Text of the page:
So, I applied a greater quantity of Monsieur on my other arm, a number of generous, sweeping smears roughly equal to about 3 big sprays from an actual bottle, but, alas, there was still no solid, clearly delineated, proper patchouli, mandarin, or rum. All that happened with the bigger dosage was that my right arm now wafted even more cedar, dustiness, saffron, and an even clearer synthetic character. Yet, the odd thing is how the notes align and shape themselves when the overall bouquet is smelt on the scent trail from a distance. There, the cumulative effect of all those heavily filtered, diffuse elements suddenly coalesces into something that feels like a classical, vintage-style men’s designer cologne from the 1970s or 1980s, a designer cologne that is woody, spiced, slightly warm or ambered, and with a whisper of something aromatic weaving around its background.
That classical ’70s/’80s cologne vibe eventually kicks in on both arms regardless of how much fragrance I apply, and it is a noticeable shift that begins roughly 35 to 40 minutes into Monsieur’s development. The mandarin suddenly appears in clear form, trailed by distinct ripples of aromatic freshness that resemble herbal lavender mixed with the brisk crispness of gin-like juniper berries (the latter probably an indirect by-product of the ISO E). At the same time, both the dustiness and cracked leather weaken substantially and gradually begin to fade into the background. The saffron spiciness grows stronger, while the bouquet is now rounded out by an ambered warmth that is flecked just lightly by a quiet caramel sweetness. More importantly, the very first hints of something resembling “patchouli” begin to take shape in the background, though they’re still diffuse, filtered, and heavily muffled by the cedar.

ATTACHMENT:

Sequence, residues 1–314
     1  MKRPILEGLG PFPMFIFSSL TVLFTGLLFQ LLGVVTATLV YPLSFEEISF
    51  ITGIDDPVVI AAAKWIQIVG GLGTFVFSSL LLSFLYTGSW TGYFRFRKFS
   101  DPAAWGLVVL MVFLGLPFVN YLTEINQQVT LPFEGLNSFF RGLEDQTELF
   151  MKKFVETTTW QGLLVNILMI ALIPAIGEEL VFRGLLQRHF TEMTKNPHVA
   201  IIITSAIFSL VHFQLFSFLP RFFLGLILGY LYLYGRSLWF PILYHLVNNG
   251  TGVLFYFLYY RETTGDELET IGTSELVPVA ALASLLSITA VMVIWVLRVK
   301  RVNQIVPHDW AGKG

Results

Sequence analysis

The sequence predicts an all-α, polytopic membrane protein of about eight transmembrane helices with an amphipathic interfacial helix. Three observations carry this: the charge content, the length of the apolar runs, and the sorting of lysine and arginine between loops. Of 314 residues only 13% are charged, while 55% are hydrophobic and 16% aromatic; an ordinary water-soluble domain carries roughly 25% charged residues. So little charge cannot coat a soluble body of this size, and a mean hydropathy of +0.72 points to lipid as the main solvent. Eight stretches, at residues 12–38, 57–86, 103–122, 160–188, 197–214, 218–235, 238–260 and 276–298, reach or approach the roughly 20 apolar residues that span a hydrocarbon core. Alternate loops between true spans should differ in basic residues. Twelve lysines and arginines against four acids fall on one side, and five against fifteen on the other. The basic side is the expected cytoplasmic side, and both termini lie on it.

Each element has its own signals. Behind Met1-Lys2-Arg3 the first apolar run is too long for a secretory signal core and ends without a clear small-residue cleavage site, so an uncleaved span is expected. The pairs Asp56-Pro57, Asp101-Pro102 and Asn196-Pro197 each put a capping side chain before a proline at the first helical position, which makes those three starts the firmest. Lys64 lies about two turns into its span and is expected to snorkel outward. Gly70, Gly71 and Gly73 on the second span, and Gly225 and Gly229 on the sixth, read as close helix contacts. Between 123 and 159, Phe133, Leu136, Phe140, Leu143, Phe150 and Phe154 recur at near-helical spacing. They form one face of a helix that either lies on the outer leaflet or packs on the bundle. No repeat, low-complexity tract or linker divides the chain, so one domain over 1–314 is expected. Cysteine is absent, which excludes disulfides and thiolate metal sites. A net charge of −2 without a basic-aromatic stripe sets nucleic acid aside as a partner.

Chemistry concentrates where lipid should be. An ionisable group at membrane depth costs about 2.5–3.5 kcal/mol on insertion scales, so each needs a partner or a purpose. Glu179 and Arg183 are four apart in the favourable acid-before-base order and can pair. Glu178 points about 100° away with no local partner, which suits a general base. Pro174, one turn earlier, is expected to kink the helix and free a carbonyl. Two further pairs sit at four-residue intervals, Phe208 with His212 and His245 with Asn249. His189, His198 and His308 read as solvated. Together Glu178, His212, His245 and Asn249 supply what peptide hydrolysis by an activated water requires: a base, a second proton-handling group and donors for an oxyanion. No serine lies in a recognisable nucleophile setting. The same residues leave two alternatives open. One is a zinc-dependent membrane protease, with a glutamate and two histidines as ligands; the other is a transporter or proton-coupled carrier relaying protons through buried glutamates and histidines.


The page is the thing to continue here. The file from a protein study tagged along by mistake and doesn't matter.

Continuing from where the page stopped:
The result is a composition with a very classical and designer aesthetic, which may be why some Fragrantica commentators think the scent resembles Givenchy Monsieur or vintage M7. I didn’t understand the references at first, but they make more sense as Monsieur develops. Having said that, I personally don’t think there is much resemblance to Monsieur de Givenchy in either the ’70s vintage form that I own or the modernized, post-2007 Les Parfums Mythiques reformulation because, on my skin, Malle’s Monsieur doesn’t have significant, dominating amounts of greenness, lemony citruses, crisp fougère-style elements, herbal aromatics, geranium, or oakmoss. [Update: it was actually Givenchy’s Gentleman that people referenced, not Givenchy’s Monsieur. Please accept my apologies for the error. I obviously had fragrances named “Monsieur” on the mind, and merged the two. But while Givenchy’s Gentleman is a closer fit than its Monsieur, I still think it’s different to the Malle, primarily because Gentleman had a truly authentic, full-bodied, deep patchouli in all its best, truest facets. Malle’s cedar-heavy, “photoshopped” patchouli is a completely different animal, as is its faux “leather” base.]